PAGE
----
First Ride Review
Following our first ride on the 2019 Niken at the press introduction in Europe, Yamaha pre-sold every one of the relatively few examples it brought to the States, and test units of the world’s first production Leaning Multi-Wheeled motorcycle were tough to come by. Although I was able to write a fairly comprehensive review of the two-front-wheeled bike based on the 140-mile intro ride, questions still remained. Namely, how does the Niken work on the wet, dirty, snotty, bumpy roads it was designed to tame, rather than just licked-clean, dry and perfectly surfaced twisties in the Austrian alpine sunshine? Fortunately we were able to get back on the LMW’s saddle recently at the launch of the 2019 Niken GT on some wonderfully varied roads in Central California. And not only did it rain all freakin’ day, I was able to abscond with a test bike to put on our scale and into the curious hands of the entire Rider staff.
My riding impressions, the tech details and features of the Niken in my First Ride Review still hold true, but know this: Regardless of your feelings about its angry-robot looks, the 580-600-pound wet weight (depending on model) of the 3-cylinder, 847cc bike or insecurities about being seen on such a weird and groundbreaking motorcycle, I have never ridden faster around a corner in the rain on a machine that leans in my entire life. In the pouring rain on the tightest, slickest, bumpiest part of snaky Tepusquet Canyon Road, I repeatedly tried to break the Niken GT’s front end loose, and failed. There is so much grip front and rear that–while it takes some time to put your trust in the disconnected feeling common to alternative front ends–once you do the Niken will simply keep leaning farther and farther without a hint of looseness or instability, right up to the 43 degrees of lean when its footpeg feelers touch tarmac. With two tires up front, should one tire slip in some dirt or leaves the other takes over, during braking as well as cornering, and road irregularities like tar snakes and rain grooves simply disappear. The sense of effortless stability from the steering and suspension is unequaled by any normal motorcycle as well.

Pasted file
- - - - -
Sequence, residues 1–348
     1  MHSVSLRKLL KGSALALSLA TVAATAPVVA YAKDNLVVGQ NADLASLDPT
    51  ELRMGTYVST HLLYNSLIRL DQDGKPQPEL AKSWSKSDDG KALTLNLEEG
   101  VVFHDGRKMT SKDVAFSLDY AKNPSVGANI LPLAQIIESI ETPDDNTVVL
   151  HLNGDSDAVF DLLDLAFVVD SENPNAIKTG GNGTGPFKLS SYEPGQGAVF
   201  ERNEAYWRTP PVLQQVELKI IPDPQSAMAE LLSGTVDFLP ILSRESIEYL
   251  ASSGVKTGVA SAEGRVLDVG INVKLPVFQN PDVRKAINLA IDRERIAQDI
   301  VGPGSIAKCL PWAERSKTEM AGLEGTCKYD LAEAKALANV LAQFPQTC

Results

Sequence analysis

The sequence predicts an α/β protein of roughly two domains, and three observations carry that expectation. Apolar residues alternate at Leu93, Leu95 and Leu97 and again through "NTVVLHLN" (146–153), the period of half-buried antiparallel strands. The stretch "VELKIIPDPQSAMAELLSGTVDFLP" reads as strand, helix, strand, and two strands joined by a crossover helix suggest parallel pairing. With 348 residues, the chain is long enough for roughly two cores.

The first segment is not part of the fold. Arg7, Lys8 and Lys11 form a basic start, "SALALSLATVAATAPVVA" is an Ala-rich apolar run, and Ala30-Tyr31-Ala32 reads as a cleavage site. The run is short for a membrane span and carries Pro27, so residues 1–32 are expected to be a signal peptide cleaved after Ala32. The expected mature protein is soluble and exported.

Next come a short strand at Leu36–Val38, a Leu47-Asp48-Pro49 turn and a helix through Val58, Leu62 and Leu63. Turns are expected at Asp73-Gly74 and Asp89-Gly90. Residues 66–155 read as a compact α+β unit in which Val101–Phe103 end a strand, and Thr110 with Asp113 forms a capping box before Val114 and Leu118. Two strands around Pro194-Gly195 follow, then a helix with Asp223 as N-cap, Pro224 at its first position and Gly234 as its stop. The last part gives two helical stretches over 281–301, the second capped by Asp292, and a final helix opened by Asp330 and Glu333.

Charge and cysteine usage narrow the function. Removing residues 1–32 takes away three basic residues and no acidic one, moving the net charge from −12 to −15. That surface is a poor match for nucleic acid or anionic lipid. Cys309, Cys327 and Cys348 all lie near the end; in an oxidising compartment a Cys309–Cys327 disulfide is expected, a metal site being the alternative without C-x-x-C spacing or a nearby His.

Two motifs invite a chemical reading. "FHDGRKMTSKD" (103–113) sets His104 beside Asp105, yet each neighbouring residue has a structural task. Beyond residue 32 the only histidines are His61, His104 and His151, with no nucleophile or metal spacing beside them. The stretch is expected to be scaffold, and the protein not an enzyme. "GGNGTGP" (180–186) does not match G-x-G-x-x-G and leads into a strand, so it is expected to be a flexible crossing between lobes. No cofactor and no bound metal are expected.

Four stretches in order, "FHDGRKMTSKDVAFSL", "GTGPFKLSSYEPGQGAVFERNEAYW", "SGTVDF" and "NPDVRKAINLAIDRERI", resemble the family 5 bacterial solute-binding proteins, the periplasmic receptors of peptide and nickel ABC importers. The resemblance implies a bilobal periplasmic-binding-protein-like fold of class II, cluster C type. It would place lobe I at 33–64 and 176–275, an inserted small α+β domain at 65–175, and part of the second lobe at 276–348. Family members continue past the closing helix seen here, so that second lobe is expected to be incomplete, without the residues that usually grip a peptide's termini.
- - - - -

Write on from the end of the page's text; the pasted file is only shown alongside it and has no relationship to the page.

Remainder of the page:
Sure, a good sportbike can exceed 43 degrees of lean without trying hard, even the 45 degrees of which the Niken is capable before its parallel quadrilateral support arms bottom out. The Niken and Niken GT aren’t intended to push cornering extremes, but to add a level of confidence to everyday riding and safety to riding in poor road conditions. Since it’s a full-size motorcycle, not a scooter, doesn’t have a tilt lock and must be held up at stops and parked on its sidestand (or GT’s centerstand), the Nikens are intended for experienced riders, perhaps those looking for a little less worry or stress when riding in the rain or at a brisk pace. Most of all they’re a lot of fun to ride thanks to that riding-on-rails stability combined with sportbike-like agility–every time I ride one I’m reminded of the Speeder bikes in “Star Wars” zipping through the trees in the Endor forest. And yes, you can easily share or split lanes–the handlebar is the widest part of the bike, and it’s no wider than a typical adventure bike bar. I’d still like more bite from the front brakes–although there’s an opposed 4-piston caliper on each wheel, the discs are smallish at 266mm–and while the heated grips worked well on the low and medium settings, on our test bike they didn’t heat evenly on high.